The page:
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Robots have been used in surgery for decades, with the first robotic arm being used way back in 1985 (that's a year before I was even born). The first FDA-approved system, called da Vinci, came about 20 years ago, using a 3D screen to give surgeons a better look inside, and much smaller arms, allowing for more accuracy.
What is new are the advancements made in their capabilities, thanks to artificial intelligence and machine learning. Robots are becoming smaller, more precise and smarter, with these new technologies allowing them to learn patterns that help them assist surgeons during procedures.
As the robots get better and smarter, there has been a surge in the number of surgical robots being installed; in 2010, there were only 69 of these robots being used globally, and by 2015 there were 382. That's growth of over 450 percent in just five years. By 2020, it's projected that there will be over 1,500 surgical robots in use.
(Image source: www.cbinsights.com)
Thanks to these robots, the need for human contact in surgery is going to decrease, with surgeons being able to control them from further and further distances, thereby reducing the risk of infection for the patient.
Even with all that growth, robot-enhanced surgery is still a pretty nascent space. Here are some of the startups that are on the forefront of this emerging technology, and could be the companies that take it to the next level in the years to come.
The first two target endoscopic surgeries. An endoscopy is a nonsurgical procedure in which an endoscope (tube with a light and camera) is inserted inside a body, usually through the mouth or anus, to observe and view internal organs or tissues. There are 75 million endoscopies done each year. The first two companies listed are enhancing the endoscopic approaches to surgery.
Others on this list have designed robotic arms to help assist with surgery, many of which are lightweight and easily transportable, while others have designed systems to give surgeons better visuals during procedures, including one that uses virtual reality.
Description: Activ Surgical is using enhanced computer vision, machine learning and artificial intelligence to provide data to surgeons during endoscopic and robotically-assisted procedures. Its technology can be used with existing hardware already deployed in endoscopies, and is mean to improve information gathering, such as blood flow and spatial data.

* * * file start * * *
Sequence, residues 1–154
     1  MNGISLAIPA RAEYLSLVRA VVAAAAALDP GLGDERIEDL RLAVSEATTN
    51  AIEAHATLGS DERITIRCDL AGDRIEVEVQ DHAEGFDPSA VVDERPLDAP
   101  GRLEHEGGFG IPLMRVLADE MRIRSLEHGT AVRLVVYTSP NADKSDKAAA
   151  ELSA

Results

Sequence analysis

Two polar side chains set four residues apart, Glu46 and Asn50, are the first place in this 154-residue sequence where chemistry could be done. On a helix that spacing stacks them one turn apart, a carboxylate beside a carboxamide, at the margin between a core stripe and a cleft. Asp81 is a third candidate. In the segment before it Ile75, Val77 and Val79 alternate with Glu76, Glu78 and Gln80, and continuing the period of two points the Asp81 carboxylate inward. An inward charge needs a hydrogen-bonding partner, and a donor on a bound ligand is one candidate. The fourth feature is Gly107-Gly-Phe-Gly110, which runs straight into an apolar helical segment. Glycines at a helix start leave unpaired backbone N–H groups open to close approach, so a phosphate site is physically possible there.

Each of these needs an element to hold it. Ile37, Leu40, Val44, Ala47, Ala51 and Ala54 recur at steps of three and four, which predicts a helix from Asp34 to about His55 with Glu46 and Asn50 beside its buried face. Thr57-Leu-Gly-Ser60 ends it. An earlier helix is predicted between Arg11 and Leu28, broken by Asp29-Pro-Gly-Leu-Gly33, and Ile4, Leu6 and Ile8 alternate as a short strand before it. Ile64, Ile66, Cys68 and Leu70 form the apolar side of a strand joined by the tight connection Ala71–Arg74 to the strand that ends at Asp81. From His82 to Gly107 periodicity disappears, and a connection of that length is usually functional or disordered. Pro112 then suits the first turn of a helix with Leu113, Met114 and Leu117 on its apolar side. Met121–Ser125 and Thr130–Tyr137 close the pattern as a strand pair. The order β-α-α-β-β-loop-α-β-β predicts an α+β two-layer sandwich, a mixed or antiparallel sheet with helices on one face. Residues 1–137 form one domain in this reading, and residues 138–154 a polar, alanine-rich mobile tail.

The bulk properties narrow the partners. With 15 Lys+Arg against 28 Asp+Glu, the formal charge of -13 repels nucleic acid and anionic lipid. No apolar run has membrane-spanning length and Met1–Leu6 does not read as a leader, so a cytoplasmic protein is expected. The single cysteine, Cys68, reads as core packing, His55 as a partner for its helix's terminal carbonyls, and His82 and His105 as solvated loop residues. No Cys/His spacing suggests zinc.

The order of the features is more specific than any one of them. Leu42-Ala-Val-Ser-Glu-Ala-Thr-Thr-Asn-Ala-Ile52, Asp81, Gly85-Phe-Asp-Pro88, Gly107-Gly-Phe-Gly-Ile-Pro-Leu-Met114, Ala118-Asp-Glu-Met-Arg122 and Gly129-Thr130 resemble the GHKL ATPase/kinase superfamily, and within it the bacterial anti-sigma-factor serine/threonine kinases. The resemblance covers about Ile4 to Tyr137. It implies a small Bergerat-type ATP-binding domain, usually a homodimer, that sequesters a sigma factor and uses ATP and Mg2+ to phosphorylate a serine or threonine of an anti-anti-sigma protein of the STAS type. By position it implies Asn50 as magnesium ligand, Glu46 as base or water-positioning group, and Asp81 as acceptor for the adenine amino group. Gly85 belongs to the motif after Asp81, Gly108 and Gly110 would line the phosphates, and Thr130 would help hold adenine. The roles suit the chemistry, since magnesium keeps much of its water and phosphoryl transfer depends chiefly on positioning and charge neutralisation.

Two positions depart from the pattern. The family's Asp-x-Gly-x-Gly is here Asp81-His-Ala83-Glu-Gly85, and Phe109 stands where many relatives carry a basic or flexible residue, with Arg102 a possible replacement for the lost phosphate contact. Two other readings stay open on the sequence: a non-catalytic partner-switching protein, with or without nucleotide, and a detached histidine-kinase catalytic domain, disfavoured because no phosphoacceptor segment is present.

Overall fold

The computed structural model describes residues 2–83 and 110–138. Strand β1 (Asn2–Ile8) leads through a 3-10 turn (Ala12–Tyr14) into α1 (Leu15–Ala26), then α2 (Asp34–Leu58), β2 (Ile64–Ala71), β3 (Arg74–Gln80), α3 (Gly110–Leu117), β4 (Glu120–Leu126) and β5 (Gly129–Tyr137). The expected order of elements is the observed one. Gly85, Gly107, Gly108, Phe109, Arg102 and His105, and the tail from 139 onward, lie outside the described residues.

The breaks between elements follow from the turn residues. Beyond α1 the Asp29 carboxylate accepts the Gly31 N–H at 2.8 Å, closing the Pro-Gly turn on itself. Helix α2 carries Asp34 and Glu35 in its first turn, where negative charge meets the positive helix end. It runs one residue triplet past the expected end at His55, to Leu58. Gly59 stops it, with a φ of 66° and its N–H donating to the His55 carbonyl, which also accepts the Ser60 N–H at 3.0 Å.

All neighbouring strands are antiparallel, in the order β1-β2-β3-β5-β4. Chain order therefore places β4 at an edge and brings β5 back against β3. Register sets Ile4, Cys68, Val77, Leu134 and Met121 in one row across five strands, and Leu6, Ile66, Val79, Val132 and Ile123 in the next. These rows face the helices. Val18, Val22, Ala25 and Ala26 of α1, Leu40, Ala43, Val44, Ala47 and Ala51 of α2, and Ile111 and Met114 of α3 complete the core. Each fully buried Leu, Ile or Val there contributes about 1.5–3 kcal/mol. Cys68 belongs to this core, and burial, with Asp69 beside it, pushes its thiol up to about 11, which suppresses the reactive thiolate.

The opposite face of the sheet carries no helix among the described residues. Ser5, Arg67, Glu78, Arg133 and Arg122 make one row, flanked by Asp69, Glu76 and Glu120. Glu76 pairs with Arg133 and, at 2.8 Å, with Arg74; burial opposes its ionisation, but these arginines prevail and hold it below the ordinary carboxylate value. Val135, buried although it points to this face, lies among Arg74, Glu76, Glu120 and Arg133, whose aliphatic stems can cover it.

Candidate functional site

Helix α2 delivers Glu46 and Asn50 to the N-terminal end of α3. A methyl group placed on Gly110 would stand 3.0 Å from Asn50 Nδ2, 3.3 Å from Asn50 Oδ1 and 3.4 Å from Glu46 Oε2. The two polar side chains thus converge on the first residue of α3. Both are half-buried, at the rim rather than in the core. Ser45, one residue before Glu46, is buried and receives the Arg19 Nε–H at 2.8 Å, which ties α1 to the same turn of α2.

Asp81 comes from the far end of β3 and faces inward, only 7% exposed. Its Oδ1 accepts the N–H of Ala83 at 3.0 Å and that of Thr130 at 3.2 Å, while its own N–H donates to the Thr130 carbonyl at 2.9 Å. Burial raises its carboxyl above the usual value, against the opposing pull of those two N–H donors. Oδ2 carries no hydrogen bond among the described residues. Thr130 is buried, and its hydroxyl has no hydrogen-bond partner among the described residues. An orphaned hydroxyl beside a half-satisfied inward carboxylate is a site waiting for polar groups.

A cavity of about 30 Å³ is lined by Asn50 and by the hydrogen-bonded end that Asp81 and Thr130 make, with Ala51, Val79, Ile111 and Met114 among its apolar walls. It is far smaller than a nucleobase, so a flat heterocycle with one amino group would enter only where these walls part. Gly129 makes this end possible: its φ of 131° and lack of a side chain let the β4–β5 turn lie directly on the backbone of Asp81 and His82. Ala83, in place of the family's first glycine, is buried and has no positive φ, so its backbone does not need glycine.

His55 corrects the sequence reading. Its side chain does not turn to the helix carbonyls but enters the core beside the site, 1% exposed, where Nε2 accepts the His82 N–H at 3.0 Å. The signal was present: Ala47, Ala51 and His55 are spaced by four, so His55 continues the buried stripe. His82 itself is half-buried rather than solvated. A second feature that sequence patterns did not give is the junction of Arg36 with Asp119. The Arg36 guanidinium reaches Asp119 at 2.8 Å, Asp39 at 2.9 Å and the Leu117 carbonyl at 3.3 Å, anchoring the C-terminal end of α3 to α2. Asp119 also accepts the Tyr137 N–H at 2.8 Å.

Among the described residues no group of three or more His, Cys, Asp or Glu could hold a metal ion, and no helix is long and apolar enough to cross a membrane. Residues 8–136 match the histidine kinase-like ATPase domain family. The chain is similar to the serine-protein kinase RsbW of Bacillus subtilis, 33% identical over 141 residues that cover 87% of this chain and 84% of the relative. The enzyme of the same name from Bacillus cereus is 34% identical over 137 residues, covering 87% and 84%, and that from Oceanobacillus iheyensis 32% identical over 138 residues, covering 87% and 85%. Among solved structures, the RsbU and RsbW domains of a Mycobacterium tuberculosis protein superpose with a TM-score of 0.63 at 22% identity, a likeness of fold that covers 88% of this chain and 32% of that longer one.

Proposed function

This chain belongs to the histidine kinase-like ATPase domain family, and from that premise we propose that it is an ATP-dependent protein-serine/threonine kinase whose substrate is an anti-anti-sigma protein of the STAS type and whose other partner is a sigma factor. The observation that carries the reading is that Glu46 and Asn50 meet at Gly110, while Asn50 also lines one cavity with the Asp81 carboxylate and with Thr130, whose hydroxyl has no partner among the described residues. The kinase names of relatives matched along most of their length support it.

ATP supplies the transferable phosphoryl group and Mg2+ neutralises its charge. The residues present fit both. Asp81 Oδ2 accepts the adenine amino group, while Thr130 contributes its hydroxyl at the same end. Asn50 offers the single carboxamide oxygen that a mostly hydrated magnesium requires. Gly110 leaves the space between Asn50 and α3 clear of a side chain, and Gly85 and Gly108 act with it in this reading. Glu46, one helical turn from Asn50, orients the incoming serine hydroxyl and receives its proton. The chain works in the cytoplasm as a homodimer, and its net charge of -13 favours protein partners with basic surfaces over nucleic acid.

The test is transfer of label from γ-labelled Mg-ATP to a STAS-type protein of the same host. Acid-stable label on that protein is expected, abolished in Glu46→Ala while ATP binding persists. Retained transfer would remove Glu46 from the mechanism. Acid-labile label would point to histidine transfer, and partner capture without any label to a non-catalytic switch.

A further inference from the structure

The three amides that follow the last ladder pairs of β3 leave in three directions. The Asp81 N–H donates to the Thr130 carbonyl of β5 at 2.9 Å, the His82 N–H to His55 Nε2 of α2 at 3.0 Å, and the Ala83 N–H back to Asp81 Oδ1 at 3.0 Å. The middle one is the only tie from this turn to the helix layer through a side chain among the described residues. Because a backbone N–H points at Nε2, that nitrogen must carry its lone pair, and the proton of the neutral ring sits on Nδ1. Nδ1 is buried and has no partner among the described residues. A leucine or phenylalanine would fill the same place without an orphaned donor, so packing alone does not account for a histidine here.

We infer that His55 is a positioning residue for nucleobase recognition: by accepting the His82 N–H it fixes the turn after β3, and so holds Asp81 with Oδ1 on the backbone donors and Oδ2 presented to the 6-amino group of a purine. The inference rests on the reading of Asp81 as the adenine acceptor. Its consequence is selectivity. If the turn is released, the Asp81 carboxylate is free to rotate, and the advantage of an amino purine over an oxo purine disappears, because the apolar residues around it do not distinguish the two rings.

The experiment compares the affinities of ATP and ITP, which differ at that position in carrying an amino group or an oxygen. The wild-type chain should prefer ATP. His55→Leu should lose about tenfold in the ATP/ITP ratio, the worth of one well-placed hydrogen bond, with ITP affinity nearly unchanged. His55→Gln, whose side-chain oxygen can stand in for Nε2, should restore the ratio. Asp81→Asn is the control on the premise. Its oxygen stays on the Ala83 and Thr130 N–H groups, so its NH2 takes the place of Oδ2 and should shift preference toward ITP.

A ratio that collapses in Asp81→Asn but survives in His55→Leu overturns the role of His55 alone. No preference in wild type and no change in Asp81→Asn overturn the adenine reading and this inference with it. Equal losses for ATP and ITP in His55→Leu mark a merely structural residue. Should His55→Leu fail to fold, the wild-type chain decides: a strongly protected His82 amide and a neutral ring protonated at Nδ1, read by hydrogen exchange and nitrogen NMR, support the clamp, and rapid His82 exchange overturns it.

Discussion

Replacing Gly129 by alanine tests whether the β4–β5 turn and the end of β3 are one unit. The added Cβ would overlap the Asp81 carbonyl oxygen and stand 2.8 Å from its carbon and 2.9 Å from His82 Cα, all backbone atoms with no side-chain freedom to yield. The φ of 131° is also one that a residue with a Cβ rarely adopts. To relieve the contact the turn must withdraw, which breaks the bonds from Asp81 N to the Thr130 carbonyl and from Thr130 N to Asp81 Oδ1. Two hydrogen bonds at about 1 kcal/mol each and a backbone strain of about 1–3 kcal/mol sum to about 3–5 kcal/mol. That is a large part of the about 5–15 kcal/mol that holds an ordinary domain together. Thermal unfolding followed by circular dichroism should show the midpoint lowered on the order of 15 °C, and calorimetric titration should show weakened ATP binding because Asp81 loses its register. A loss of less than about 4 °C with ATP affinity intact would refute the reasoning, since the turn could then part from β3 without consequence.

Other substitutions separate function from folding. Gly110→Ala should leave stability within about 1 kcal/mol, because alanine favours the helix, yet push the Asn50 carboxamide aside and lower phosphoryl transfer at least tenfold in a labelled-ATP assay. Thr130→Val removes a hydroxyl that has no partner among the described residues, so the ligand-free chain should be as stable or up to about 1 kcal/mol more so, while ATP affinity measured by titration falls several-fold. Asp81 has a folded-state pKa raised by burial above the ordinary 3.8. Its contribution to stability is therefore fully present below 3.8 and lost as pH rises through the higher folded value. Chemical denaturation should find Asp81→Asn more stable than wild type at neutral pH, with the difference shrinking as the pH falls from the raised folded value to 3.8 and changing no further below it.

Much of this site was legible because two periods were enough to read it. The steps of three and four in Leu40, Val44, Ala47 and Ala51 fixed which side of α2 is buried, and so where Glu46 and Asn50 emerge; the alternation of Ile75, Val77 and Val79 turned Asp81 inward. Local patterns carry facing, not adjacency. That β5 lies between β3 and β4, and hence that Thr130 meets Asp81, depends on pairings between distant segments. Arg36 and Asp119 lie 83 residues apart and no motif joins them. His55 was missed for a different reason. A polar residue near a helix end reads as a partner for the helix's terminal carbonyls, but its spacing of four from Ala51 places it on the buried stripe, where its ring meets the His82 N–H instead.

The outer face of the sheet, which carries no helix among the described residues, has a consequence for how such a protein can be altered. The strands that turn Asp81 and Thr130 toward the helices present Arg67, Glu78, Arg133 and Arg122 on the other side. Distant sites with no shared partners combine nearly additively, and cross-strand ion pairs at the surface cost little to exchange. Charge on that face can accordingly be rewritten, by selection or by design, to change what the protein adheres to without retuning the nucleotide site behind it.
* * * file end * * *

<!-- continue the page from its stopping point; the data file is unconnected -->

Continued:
Its platform, called ActivSight, will be launched later this year, with the goal of giving surgeons better data and insights.
Amount raised: $24.5 million
Investors: Tao Capital Partners, Sony Innovation Fund, GreatPoint Ventures, Rising Tide, DNS Capital
Description: Auris Health has developed the Monarch Platform, which uses robotics in endoscopy procedures so surgeons can perform procedures using 3D images. The first disease that Auris is tackling is lung cancer. The platform is intended for diagnostic and therapeutic bronchoscopy, a procedure that lets doctors look at your lungs and air passages.
Auris Health, formerly known as Auris Surgical Robotics, was acquired by Johnson & Johnson for $3.4 billion in 2019. J&J plans to use the Monarch platform with its own Lung Cancer Initiative and to support efforts in laparoscopic and endoluminal surgeries; endoluminal surgeries are done using an endoscope, as described above. Laparoscopic surgeries involve using a laparoscope, which is similar to the endoscope with the main difference that the tube is inserted through a small incision.
Amount raised: $733.3 million
Investors: EquityZen, Mithril Capital Management, Viking Global Investors, Partner Fund Management, Senator Investment Group, E15 VC, D1 Capital Partners, Lux Capital, Wellington Management, Highland Capital Partners, Mithril Capital Management, Section 32, Partner Fund Management, Coatue Management, Nimble Ventures
Description: Founded in 2006, Virtual Incision platform is called MIRA, which stands for “miniaturized in vivo robotic assistant.” It's designed to help surgeons perform minimally invasive surgery and is purposely lightweight, weighing only two pounds, so surgeries aren't confined to a dedicated space, but multiple rooms. That means the device can be brought to the patient, rather than bring the patient to it, so it can be used wherever the surgery is taking place, rather than a big machine that can't be moved so the patient can only use it if they are in that specific room.